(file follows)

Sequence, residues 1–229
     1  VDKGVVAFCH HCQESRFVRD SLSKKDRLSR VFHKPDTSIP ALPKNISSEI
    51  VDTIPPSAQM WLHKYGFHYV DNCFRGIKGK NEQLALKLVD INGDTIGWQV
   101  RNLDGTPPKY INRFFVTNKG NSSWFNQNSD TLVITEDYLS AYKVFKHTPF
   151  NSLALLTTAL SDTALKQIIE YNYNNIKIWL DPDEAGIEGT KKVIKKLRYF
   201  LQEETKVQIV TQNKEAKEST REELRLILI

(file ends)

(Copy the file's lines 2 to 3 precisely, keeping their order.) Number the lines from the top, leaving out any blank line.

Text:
     1  VDKGVVAFCH HCQESRFVRD SLSKKDRLSR VFHKPDTSIP ALPKNISSEI
    51  VDTIPPSAQM WLHKYGFHYV DNCFRGIKGK NEQLALKLVD INGDTIGWQV